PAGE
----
Not that it needs a really alert angler to spot a good big cod bite. Bang goes the rod tip. You will find you have all the time it takes to seize the rod, strike hard with an enthusiastic backward swing, and reel in. With the heavy gear needed for fishing out in winter surf for cod, you should have no problem in driving home those big strong hooks. Even so, one day, you’ll live to regret not sharpening them.
Bass are a more tricky proposition when it comes to the hooking. As I said, some bass, including big ones, bite very gently. Some on taking the bait in their mouths swim strongly towards the shore, don’t ask me why, but they do. Thereby taking off your line even the light stress of the weight, putting a big floppy bag into the line, and the wind up you. I know it isn’t universally agreed, but I think the safe thing when bass fishing in the surf is to keep the rod in your hands and strike smardy at the slightest knock.
Even when you have got the hook home and felt the weight of your bass, all is not over—not until you have him on dry land, and not always then. On feeling your fish, belt back up the beach smartly. You may be fishing standing actually in the water; you should certainly be right at the water’s edge if not actually in it. Now get up on indisputably dry land, and keep the pressure on. There is some similarity between playing a bass and playing a salmon, or a sea trout. You have to keep a strain on, in case the hook has only just lightly snicked it on the outside, even, of the mouth—this is more likely to happen with those very big ones, that take so gendy and cunningly. If the line goes slack the hook may fall out, and your chagrin will go on increasing as your estimate of its size increases. As it surely will. (d) But the worst moment is when the bass feels the shingle on his belly, when his back comes up out of the water and he realises he is about to enter the alien element. Added to his panicky struggle at that moment may be the force of the undertow as the wave surges back. Needless to say you use a wave to help the fish home and dry—but unless you pounce on him smartly he may yet get back into the water. A hand in that spiny, wounding gill cover is the only sure answer. ‘Everyone’ recommends the use of at least two hooks, often three. It seems to be the universal method, so naturally I pass it on to you, as in duty bound. I am in a minority, possibly a minority of one, in that I vastly prefer to use only one hook and one bait. Doubtless it reduces my chances of hooking a fish, but doubtless it improves my morale by the certain knowledge it brings that I am using the most simplified gear possible, in the most sporting way. On a steep-to beach I use a rolling leger, which sways and wanders around nicely.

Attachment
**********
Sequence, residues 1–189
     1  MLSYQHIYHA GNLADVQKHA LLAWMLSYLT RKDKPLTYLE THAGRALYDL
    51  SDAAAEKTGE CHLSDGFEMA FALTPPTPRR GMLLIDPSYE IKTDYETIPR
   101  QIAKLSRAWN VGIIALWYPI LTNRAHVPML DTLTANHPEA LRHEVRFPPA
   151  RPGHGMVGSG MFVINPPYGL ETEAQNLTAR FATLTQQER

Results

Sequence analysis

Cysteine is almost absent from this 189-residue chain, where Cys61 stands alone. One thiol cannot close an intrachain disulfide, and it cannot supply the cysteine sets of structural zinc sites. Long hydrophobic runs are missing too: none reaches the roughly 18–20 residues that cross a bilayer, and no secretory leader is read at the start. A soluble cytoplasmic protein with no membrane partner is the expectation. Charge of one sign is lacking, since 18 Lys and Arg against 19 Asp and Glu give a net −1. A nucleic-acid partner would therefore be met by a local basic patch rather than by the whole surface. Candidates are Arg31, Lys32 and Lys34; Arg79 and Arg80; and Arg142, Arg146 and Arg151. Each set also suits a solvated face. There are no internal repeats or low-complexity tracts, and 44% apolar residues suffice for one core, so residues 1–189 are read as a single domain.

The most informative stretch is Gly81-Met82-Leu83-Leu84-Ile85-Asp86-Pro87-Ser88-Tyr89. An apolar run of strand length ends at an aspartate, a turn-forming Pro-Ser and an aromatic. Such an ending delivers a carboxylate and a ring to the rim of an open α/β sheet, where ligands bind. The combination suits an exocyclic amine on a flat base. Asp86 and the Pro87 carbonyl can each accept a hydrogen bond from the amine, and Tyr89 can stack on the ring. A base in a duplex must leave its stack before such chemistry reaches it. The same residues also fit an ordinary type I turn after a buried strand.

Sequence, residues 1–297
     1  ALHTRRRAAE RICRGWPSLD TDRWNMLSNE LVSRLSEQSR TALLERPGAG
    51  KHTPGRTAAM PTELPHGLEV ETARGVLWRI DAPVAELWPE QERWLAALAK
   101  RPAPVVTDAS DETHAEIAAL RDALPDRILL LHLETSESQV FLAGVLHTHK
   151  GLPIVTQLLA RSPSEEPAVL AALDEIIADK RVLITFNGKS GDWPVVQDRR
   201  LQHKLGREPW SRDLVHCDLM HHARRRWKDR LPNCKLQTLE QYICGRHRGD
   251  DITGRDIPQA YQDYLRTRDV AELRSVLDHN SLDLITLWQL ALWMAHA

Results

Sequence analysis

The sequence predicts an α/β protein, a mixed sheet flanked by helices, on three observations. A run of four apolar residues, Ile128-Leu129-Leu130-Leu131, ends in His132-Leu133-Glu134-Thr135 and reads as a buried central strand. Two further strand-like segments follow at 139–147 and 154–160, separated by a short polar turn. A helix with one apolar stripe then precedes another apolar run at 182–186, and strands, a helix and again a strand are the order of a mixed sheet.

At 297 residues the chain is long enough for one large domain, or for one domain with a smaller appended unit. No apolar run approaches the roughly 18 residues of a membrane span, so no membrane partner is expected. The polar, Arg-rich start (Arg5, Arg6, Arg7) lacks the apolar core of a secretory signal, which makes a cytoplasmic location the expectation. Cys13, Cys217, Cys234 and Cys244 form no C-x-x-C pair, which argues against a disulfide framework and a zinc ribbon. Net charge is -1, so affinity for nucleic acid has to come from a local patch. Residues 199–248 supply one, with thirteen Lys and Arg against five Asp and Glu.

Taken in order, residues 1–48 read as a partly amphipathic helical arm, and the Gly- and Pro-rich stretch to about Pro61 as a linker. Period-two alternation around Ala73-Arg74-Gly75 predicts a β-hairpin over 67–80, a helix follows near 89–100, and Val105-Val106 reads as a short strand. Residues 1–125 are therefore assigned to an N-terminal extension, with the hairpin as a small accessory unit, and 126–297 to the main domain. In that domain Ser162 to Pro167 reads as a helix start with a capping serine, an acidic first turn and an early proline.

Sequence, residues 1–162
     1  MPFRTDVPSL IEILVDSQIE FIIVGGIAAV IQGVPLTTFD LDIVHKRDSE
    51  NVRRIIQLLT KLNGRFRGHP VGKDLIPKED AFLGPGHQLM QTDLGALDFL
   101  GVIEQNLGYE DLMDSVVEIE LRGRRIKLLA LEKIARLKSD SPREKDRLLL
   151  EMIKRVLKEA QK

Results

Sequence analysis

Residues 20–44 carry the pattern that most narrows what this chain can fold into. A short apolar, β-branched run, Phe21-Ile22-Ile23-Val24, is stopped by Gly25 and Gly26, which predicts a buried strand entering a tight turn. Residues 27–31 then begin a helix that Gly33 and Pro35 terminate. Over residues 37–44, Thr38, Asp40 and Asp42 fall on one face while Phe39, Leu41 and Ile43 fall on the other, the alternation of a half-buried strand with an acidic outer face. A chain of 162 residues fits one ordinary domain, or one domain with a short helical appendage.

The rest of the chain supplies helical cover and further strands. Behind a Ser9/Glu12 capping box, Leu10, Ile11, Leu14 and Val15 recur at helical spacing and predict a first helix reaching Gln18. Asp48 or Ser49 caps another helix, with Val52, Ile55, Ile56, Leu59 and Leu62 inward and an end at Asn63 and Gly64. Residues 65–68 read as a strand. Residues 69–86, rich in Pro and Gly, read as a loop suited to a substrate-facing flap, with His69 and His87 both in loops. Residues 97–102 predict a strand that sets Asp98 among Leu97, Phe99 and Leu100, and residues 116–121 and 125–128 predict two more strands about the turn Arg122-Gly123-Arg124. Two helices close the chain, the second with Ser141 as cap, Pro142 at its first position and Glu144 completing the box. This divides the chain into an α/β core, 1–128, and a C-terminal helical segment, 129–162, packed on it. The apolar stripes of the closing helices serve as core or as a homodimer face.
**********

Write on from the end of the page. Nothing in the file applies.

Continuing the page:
I use a simple rolling leger for cod, too: simplicity and pared-to-the-bone terminal tackle appeals to me deeply, though I am as big a sucker for elaborate casting gear, rods and reels, as any man.
While beach fishing for cod you may well catch whiting, for which you need no particular prescription, or dabs, which are very tasty indeed, despite their small size and lack of fighting quality. Well, how should they fight, when hooked on massive gear designed to haul in cod weighing many times their weight? But no-one objects to a dab on the plate, I find. If you really want to go dab fishing, just dab fishing, there is no law against it whatsoever. Rig up a lighter rod, of course, with the sort of gear you use for sole—but a bigger hook will serve, say a No. 6 or even No. 4. Bait it with lugworms for preference.
Worms will also attract whiting, if you should wish to concentrate on those fish, which are rather smaller in the south than in the north and which are much nicer than they smell when casually boiled for the cats. Sprats or herring pieces, always available in winter, seem the best bait. Again, though, you are more likely to hook whiting when not really trying. More a boat fisher’s fish.
Perhaps a distinction should be made between the codling and the cod. The cod grows to a great size, twenty-pounders are common; the codling is simply a young cod of about four or five pounds. Codling is to cod as lamb is to mutton. Of course they are exactly the same fish at different stages of growth, but their habits vary a bit. Thus the small stuff seems to hang around, whereas the big chaps come in close only during the autumn and winter. In really bitter weather cod come amazingly close inshore. Whereas very cold water drives most fish offshore to the warmer deeps, where they go to spawn, anyway.